After researching over a dozen different options, reviewing National Electrical Code guidelines, talking with safety-testing experts at UL, and cutting apart nine cords to inspect their quality, we recommend the 50-ft Voltec Yellow Outdoor Extension Cord to most people because it has the most durable strain-relief neck, the strongest and smoothest connection, and a rugged outer jacket—all of which should last for years. It’s available in 25-foot and 100-foot lengths as well.
*At the time of publishing, the price was $45
The Voltec Industries 50-ft Yellow Outdoor Extension Cord has a satisfying durability that sets it apart from the other cords we tested. Its outer covering, or jacket, is made of a thick, extruded thermoplastic that sacrifices just a touch of flexibility for a lot more more resistance to abrasion and cuts compared to the thinner, non-extruded jackets found on lower-end cords. In other words, it’s built to last. But the real star features of this cord are the receptacle that receives your other power cord and the neck between the connector and cord—two weak points on most other cords. Instead of a jerky, forceful motion to jam a plug in, plugging a cord into the end of the Voltec is a smooth, firm slide that’s snug when seated. While most cords that have an inch or less of jacketed cord inserted into the neck of the connector, the Voltec cord has almost two inches of protection, so it won’t slowly separate over years of yanking and pulling. The 50-foot version is the most versatile—it can reach around the edge of a two-car garage corner to corner—but you can also get our pick in 25-foot and 100-foot lengths.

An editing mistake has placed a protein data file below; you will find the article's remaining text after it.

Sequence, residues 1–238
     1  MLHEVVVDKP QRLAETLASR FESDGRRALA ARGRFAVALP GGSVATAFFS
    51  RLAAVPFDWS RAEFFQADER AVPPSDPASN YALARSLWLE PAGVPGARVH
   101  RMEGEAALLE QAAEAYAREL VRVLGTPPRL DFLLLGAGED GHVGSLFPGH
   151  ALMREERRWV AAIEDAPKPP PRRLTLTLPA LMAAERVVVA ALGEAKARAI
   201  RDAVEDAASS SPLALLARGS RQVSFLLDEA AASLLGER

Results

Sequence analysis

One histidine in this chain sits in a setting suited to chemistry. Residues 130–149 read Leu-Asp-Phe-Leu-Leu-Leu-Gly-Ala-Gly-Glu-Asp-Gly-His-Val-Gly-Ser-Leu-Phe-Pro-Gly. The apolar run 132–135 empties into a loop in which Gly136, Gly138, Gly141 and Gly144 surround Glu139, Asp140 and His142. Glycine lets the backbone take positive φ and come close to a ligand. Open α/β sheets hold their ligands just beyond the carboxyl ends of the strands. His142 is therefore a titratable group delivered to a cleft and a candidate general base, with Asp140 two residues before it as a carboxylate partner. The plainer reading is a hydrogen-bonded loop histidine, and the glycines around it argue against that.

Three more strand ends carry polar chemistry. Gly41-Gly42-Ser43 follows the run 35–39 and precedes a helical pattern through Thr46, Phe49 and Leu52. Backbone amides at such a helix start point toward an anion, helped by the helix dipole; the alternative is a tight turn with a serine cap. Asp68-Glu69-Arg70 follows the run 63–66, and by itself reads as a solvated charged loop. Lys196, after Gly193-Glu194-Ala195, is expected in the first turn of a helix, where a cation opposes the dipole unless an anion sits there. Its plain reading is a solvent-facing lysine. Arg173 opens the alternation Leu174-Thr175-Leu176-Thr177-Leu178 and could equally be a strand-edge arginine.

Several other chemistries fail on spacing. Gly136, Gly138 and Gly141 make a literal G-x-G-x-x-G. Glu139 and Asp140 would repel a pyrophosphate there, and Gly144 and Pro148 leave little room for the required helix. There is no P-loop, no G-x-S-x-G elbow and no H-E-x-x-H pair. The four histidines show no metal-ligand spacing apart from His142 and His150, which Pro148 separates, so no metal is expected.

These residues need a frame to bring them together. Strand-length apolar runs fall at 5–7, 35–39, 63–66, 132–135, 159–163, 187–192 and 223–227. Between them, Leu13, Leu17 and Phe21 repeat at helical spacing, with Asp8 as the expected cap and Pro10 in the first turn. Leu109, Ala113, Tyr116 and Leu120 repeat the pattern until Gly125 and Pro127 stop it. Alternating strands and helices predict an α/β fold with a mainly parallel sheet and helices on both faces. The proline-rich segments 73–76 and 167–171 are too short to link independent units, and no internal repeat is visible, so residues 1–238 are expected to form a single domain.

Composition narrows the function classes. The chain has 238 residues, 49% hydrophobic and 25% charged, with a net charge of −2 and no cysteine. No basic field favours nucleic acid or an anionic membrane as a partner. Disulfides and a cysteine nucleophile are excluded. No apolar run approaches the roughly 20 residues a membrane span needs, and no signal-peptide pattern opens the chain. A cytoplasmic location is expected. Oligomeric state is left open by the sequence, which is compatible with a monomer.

*At the time of publishing, the price was $35.
If you need to save a few bucks or our top pick isn’t available, US Wire’s 74050 cord is the one you should get. Despite regularly selling for almost half the price of in-store brands, the cord is more durable and better made than any but our top pick from Voltec. Though the outer jacket is similar, and the receptacle has reasonably smooth and snug action, the entire connector isn’t quite as good. The strain relief neck is around half the size of the Voltec’s, which makes it more likely to bend and stress near the outlet. Over the long term, we think this makes the US Wire cord less durable than the Voltec cord, but it’s at least as good as or better than most other cords you’ll find in the hardware store. Because electric yard equipment (e.g., leaf blowers or hedge trimmers) often has a protective sleeve around its plug, the huge and durable Voltec receptacle might not be able to make a connection. If that’s your main use, the US Wire cord is going to work much better for you. If you’re going to buy just one cord, we think 50 feet is the most versatile length, but this cord is available in 25-foot and 100-foot lengths as well.